The official approach is now to avoid 'restriction' and focus on 'self-esteem'
The British Dietetic Association (BDA) doesn’t want you to start your post-Christmas shred next week. In a statement released on Tuesday, the association condemned aggressive weight loss diets (or “fad diets”) on psychological grounds, since the promotion of such diets might lead people to “believe that they are not good enough as they are, and that they have to conform to perceived society ‘ideals’.” A healthier approach would, according to one BDA dietician:
This is no doubt true for various fashionable diets – Beyonce’s infamous cayenne pepper diet, for instance – which promise rapid weight loss with a side order of malnutrition and mental illness. The BDA is right to point out that such diets very rarely lead to long-term weight loss.
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But is it really true, as the BDA claims, that “restriction” ought not to be the goal? It’s no secret that the population is growing fatter every year, with a particularly concerning rise in childhood obesity post-pandemic. The BDA’s insistence on “balance and moderation” is a gesture towards so-called ‘intuitive eating’, the anti-diet diet that encourages people to abandon rigid eating restrictions and instead respond to hunger cues sensibly — with the goal, ultimately, of settling at a healthy weight.
The problem is that our modern environment is perfectly designed to hijack our intuition when it comes to food. Several people I know who adopted the intuitive eating approach just ended up getting larger, and social media is full of posts with titles like “Intuitive Eating Made Me Fat!”
This should hardly be surprising, given that twenty-first-century Westerners are exposed to a hyper-abundance of cheap and delicious calories, whereas our instinctive responses to food evolved in an environment of scarcity. Present our stone-age brains with a tub of ice cream and our stone-age intuition will obviously respond with a “yes!”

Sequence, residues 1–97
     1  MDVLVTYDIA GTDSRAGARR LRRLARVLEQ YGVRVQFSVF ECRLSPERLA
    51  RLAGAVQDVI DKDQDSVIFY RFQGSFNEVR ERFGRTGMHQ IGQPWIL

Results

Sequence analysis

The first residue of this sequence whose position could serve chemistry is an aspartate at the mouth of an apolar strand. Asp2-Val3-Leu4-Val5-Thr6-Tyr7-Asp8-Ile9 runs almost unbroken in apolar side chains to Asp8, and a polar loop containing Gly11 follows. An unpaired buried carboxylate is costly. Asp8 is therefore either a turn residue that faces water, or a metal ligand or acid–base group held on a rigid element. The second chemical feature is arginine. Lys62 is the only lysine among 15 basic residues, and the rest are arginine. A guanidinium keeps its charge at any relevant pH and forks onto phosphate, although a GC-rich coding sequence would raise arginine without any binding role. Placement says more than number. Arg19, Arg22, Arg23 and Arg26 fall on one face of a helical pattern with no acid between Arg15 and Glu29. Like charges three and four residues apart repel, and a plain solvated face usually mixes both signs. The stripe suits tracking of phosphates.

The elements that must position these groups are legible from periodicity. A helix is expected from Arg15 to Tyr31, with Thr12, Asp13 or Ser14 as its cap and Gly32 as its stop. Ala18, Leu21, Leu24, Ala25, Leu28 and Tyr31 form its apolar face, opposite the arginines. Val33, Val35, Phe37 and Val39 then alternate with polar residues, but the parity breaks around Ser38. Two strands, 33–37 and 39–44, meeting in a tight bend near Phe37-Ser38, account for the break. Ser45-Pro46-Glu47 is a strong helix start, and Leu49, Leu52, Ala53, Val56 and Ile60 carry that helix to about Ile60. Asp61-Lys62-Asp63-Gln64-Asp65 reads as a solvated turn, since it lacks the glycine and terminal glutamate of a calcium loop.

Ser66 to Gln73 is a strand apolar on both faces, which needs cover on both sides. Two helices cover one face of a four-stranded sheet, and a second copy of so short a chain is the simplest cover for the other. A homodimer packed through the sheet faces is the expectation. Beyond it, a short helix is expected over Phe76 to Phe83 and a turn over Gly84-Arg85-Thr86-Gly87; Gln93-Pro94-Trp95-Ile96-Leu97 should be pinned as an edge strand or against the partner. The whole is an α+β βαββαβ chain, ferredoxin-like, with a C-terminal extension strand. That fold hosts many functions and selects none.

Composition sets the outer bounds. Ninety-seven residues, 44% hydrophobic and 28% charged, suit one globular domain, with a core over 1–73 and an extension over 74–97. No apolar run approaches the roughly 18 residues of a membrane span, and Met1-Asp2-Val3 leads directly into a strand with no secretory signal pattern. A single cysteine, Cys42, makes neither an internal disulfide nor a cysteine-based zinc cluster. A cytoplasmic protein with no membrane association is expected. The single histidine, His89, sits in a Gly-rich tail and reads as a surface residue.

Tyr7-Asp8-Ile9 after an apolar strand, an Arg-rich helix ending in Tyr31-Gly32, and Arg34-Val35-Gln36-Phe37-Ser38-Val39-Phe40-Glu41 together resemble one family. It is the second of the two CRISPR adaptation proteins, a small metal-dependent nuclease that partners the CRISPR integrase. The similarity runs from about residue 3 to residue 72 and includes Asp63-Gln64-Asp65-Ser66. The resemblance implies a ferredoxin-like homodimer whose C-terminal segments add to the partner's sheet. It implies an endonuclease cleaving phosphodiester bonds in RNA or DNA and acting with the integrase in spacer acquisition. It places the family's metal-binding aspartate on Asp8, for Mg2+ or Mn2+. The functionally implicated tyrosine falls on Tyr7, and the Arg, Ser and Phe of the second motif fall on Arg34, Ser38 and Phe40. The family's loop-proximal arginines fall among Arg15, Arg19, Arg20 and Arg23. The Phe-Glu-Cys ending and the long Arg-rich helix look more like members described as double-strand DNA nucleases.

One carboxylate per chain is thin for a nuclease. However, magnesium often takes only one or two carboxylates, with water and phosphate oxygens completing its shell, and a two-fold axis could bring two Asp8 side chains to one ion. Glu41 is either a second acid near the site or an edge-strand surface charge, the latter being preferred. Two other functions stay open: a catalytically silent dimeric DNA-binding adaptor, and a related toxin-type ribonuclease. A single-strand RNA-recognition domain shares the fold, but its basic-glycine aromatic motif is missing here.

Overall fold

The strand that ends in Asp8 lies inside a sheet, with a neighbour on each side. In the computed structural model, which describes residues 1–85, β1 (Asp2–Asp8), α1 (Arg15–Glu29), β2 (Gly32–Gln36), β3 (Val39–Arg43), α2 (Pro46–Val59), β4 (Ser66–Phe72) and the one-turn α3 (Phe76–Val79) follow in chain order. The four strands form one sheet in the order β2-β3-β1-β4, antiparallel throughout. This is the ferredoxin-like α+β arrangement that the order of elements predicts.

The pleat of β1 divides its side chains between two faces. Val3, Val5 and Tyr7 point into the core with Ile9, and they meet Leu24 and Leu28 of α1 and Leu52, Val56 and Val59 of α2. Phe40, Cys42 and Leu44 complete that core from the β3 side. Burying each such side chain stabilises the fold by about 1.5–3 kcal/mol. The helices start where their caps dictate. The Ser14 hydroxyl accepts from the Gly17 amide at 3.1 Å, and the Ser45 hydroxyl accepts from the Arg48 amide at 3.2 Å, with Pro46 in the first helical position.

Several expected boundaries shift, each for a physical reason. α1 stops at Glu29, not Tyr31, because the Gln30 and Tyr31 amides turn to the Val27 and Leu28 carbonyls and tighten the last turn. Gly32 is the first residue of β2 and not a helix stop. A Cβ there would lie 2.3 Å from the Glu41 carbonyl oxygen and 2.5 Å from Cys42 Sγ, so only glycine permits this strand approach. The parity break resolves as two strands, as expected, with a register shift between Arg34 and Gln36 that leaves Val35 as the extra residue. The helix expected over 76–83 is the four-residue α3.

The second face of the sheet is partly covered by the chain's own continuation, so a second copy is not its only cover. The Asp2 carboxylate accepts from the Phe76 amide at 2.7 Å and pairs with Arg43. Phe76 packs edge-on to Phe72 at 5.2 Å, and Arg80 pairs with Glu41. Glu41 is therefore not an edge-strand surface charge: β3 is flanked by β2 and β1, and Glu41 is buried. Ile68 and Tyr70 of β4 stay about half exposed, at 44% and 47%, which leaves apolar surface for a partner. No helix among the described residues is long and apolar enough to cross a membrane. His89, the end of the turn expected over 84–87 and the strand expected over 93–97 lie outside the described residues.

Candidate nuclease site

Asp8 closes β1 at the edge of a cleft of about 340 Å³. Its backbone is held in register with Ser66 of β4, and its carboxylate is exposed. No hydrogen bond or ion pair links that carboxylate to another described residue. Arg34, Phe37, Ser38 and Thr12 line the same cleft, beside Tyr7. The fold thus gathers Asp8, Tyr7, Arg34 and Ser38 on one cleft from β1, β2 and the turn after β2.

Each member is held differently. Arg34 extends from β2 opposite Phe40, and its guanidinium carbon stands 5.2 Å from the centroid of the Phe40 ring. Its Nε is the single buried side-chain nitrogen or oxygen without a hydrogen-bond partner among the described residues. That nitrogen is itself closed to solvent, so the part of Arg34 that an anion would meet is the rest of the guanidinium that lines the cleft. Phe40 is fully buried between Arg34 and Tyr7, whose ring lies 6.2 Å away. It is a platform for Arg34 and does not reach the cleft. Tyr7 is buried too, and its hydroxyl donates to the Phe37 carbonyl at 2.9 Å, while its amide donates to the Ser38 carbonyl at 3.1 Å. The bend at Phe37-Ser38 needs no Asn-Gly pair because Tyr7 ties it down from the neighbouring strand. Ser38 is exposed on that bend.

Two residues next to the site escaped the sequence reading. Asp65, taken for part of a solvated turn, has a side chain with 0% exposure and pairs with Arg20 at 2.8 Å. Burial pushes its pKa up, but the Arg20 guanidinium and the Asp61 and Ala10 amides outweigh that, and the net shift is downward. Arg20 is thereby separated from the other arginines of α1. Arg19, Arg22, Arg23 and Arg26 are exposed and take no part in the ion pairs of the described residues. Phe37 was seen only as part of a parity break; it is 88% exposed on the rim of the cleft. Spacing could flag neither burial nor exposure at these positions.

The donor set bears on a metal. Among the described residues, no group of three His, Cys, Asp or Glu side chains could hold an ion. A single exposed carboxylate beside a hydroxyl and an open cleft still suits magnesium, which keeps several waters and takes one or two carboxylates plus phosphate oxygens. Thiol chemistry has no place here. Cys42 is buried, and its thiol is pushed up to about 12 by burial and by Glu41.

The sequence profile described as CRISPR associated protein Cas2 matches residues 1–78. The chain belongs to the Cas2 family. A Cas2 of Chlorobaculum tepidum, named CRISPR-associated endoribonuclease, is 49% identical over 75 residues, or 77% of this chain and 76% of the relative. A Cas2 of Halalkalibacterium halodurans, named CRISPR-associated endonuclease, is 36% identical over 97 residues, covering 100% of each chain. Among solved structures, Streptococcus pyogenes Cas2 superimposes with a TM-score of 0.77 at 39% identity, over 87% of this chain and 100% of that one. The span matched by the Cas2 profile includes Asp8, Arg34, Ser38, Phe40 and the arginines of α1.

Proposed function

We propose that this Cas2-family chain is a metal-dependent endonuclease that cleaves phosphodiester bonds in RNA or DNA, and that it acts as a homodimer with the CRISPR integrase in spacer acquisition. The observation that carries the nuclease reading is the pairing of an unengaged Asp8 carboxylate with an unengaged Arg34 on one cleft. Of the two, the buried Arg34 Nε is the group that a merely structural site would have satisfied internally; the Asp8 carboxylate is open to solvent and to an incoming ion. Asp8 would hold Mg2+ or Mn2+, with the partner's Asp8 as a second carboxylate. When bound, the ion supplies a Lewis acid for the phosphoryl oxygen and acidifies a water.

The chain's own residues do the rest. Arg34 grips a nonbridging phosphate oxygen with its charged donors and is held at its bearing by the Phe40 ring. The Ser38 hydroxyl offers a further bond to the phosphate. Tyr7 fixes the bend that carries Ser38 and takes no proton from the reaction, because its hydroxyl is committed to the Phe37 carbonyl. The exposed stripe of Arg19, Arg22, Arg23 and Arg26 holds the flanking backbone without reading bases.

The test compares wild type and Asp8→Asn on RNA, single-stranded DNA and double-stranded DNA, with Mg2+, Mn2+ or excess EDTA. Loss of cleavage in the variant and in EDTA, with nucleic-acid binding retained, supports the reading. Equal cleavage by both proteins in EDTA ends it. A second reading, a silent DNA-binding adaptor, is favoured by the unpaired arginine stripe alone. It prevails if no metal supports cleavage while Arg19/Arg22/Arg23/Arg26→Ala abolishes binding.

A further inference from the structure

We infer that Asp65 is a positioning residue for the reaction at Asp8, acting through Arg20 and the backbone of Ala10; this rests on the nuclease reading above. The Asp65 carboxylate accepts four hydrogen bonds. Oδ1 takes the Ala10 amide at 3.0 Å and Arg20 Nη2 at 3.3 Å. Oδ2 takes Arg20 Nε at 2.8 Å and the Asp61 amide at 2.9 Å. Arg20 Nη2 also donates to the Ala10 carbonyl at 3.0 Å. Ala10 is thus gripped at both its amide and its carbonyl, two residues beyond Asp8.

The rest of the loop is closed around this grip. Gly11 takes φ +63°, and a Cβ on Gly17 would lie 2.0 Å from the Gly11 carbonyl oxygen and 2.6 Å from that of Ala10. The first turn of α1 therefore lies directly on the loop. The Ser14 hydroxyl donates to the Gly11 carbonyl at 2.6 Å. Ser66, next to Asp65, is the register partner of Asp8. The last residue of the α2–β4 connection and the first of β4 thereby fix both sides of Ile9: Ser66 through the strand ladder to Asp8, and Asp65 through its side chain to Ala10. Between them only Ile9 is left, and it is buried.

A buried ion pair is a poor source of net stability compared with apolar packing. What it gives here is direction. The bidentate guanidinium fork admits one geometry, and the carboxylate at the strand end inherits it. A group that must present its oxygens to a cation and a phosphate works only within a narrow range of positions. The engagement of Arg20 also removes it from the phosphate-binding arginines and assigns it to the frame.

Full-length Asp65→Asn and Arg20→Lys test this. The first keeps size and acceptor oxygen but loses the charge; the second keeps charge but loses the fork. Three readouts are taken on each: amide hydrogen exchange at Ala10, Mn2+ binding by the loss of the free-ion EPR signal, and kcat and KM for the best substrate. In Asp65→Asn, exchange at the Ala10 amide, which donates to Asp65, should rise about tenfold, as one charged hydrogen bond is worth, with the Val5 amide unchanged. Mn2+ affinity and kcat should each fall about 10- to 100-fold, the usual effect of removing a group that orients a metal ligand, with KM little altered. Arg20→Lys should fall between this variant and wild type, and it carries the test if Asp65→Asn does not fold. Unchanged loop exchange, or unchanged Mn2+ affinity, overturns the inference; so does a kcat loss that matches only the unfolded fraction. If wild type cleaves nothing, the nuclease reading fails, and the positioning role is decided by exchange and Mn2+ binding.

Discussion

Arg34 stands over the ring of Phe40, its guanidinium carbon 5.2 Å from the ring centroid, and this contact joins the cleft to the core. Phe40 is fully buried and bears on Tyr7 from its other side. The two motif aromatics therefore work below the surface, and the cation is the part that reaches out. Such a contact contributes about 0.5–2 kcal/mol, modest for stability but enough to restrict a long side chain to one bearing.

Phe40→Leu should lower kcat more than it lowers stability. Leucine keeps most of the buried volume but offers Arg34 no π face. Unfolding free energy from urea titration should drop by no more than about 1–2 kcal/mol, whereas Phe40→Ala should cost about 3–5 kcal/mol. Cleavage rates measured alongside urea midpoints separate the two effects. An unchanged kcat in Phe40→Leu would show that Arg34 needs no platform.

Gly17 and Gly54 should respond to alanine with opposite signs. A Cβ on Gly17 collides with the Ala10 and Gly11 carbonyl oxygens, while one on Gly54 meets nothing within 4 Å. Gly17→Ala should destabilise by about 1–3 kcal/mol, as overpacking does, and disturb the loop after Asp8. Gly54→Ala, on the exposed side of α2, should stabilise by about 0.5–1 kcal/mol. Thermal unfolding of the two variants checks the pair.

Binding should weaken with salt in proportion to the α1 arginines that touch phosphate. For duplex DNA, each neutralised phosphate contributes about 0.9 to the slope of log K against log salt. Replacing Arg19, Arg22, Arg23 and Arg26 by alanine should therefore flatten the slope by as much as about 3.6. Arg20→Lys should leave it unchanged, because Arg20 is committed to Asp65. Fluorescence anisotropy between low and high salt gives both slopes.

If they can be persuaded to be honest about it, almost everyone who remains consistently lean in the modern world imposes some kind of rigid restriction on themselves. For instance: never eating sugar, regularly skipping meals, or counting calories every day for years on end (personally, my secret is a moderately dysfunctional exercise addiction).
And the celebrities who are in great shape suffer terribly for their bodies. Jack Dorsey only eats one meal a day, Kim Kardashian wakes up at 4am to work out, and Madonna forgoes wheat, eggs, meats, and dairy, surviving on a diet composed largely of seaweed.
Most people don’t have the self-control necessary to maintain that kind of lifestyle — not because of a moral failing on their part, but because self-control is strongly influenced by genetics. For people whose intuition is poorly suited to our hyper-abundant environment, the only proven, long-term effective tool to manage obesity is neither ‘fad diets’ nor intuitive eating: it’s bariatric surgery, a medical intervention that responds to a highly novel food environment with a highly novel form of appetite restriction.
Surgically shrinking the capacity of the stomach isn’t balanced, moderate, or natural, and it is definitely orientated towards “restriction” — but then, in the modern world, what is the alternative?